Eric Lopez brings a personal touch to coaching and instructionby Jan Janes on Apr 9, 2021
Eric Lopez can add Employee of the Month to his long list of titles at Gavilan College: assistant football coach for strength and conditioning, Accessible Education Center department chair, and lead adapted physical education instructor.
Eric Lopez, coach and APE instructor.
When shelter in place happened more than a year ago, Lopez knew big changes were required.
“Could my adapted PE students access technology?” he asked. And discovered, some yes, some a bit, some no computer at all.
“Zoom was easy, but getting them on Canvas took a little more,” Lopez said. “I knew we needed two simple log-in steps. With four I will lose them.”
He worked with Distance Education experts Sabrina Lawrence and Peter Howell to create easy Canvas access.
“With two steps, their G number and PIN, students are right in Canvas,” he said. “I walked them through the class for three weeks. That was huge, moving everything to an online environment.”
Lopez continued to modify adapted PE courses during a nine-week summer session.
“We have specialized equipment in the Adapted Fitness Center, but students no longer have access to it,” he said.
Students who enroll in adapted PE classes have a range of disabilities. Lopez modified all the training that would normally be taught in the Fitness Center. Students know what they used to do, based on their disability, and what they are cleared to do. Lopez created pre-recorded videos on Zoom and Canvas.
“Now that we are no longer face to face,” he said, “The feedback from the students is they really love the classes.”
Students in his classes get a full workout, from warm up to total body exercises that simulate activities in daily life, such as working in the garden, lifting a box onto a shelf.
“They tell me they’re now getting a full routine every day,” said Lopez. “I change it up, avoid complacency, and include adaptive stretching, yoga-type moves and power moves.”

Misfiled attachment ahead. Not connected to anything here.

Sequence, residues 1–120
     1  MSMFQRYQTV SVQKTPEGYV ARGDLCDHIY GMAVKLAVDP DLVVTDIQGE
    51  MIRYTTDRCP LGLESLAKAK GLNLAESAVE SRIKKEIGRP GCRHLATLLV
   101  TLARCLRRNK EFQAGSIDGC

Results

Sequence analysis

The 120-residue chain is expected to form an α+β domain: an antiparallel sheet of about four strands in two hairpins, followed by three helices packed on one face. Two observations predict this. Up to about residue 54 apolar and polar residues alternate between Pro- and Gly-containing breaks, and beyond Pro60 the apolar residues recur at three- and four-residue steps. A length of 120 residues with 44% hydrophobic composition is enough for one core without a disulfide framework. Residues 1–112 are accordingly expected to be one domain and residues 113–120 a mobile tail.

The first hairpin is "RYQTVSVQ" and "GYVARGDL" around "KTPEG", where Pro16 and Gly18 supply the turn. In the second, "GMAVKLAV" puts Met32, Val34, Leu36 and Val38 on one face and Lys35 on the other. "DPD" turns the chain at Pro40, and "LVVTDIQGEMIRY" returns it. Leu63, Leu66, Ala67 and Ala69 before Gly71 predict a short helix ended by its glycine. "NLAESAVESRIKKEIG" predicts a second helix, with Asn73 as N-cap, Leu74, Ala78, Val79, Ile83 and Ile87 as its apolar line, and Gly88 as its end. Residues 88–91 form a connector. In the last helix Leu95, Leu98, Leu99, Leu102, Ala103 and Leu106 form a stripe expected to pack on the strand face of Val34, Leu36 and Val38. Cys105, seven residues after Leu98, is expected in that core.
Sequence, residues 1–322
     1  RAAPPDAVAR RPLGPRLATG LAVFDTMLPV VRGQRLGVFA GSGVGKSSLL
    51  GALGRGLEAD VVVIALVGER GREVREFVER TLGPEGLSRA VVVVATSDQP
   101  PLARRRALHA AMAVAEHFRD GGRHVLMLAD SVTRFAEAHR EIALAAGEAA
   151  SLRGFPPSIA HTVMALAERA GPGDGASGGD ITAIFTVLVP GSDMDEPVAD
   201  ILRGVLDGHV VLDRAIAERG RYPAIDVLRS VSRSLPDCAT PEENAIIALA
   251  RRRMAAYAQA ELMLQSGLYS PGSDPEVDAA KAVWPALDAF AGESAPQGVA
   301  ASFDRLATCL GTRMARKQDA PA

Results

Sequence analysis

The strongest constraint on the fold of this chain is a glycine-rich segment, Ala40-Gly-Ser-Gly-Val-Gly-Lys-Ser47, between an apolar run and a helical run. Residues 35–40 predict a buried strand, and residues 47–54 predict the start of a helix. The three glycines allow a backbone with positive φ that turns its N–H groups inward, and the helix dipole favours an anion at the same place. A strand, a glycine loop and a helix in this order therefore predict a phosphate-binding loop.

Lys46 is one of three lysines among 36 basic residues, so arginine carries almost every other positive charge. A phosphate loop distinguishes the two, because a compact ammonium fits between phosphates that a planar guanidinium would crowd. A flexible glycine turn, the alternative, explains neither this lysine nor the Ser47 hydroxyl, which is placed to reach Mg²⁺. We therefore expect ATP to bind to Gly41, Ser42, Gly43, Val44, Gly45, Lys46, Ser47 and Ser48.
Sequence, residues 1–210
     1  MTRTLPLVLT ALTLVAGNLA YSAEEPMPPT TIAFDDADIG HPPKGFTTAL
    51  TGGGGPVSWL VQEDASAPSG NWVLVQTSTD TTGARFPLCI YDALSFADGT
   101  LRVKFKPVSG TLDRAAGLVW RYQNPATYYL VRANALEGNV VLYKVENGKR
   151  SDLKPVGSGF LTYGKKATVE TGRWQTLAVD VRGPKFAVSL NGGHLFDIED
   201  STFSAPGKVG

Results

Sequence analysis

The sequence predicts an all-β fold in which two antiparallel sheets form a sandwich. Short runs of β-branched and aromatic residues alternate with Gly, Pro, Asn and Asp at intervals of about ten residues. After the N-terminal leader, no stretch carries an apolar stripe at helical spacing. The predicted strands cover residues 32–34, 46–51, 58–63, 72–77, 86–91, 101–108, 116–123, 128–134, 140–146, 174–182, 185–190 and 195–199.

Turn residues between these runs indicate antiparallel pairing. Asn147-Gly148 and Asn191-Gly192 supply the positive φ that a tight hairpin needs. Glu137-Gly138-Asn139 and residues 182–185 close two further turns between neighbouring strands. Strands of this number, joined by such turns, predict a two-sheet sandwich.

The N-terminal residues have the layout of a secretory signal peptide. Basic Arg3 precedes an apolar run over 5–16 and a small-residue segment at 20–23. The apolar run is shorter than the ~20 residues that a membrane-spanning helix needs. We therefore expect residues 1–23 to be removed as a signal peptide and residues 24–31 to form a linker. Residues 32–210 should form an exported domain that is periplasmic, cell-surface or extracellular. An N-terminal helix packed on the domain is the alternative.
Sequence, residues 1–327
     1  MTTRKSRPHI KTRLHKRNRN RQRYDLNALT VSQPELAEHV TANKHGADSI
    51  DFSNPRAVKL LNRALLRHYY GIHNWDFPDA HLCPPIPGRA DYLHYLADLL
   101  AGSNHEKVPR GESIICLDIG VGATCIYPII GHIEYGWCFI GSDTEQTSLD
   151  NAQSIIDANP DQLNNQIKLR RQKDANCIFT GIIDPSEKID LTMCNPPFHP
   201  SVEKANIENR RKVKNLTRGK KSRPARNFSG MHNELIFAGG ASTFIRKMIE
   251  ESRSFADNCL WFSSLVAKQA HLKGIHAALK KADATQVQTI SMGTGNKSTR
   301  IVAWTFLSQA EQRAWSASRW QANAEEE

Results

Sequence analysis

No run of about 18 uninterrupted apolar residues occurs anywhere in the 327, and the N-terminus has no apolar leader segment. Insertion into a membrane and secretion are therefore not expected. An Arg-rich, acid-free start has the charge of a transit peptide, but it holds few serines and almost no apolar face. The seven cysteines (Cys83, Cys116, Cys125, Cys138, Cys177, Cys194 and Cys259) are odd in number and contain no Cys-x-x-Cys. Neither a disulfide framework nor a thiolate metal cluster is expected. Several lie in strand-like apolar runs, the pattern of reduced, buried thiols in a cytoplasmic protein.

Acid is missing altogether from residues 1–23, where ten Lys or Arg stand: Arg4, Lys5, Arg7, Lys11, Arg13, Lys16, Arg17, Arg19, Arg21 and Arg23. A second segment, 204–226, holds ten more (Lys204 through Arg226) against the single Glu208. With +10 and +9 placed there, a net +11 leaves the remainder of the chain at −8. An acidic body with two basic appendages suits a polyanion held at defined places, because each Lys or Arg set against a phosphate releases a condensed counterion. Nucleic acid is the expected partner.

No equipment? No gym or fitness center? Let’s adapt!
Even as he was transitioning the curriculum to online instruction, Lopez knew some students weren’t as active without access to the Adaptive Fitness Center. He created Gavilan College APE Health & Fitness Packet, a 25-page guide with instructions for getting started, finding resting and target heart rates, and items that could substitute for gym equipment.
In the guide, Lopez has photos demonstrating all the ways students with disabilities can adapt the exercises to meet their needs.
Some students could access the information online. Lopez mailed the packet to students who did not have computers, and he personally followed up with them. He meets with a statewide Adapted PE group twice monthly, and shared the health packet with them as well.
“A lot of students say they feel so much better, stronger,” he said. “And current students recommend it to their friends.”
Adapted PE classes will be offered online during Summer 2021. Lopez also teaches classes with Hope Services. Once students can return to campus, he hopes to teach two swim classes.
“Some students are saying they’re waiting for the pool to re-open,” he said. “Swimming is low impact, no stress on the joints.”
Lopez first worked at Gavilan as a mobility aide while studying toward his BA in Political Science at CSU Fresno.
“After finishing my degree, I started working in probation,” said Lopez. Later he moved to corrections and discovered it was a tough job. “After 15 years of a very sedentary job - you just sit, working to stay awake - I knew I needed a career change.”
He returned to college while working, this time CSU Monterey Bay, where he earned his BA in Kinesiology, and then Southern Utah University for his MA in sports conditioning and performance.
“I was contacted by Nikki Dequin about a job opening in athletics,” said Lopez. “Then Karen Sato asked if I was interested in adapted PE.” The answer, both times, was yes.
During his career, Lopez has coached at Gilroy High School, continues to train and condition with Gavilan athletes, and now teaches students with disabilities and elders. The sedentary lifestyle is history.
“Along with the students, my own health is a priority,” he said. “My day starts at 8 a.m. and I log 10K steps by 11 a.m.”
At the Board of Trustees Zoom meeting where the Employee of the Month award was bestowed, Lopez received a shout out from yet another department at Gavilan.
“Yay, Eric! We miss you in the Writing Center!” Megan Wong-Lane wrote in the chat. “The fact that you reach out and can make those connections all over campus just shows how special you are. You put in so much effort, and care so deeply about our students and community.”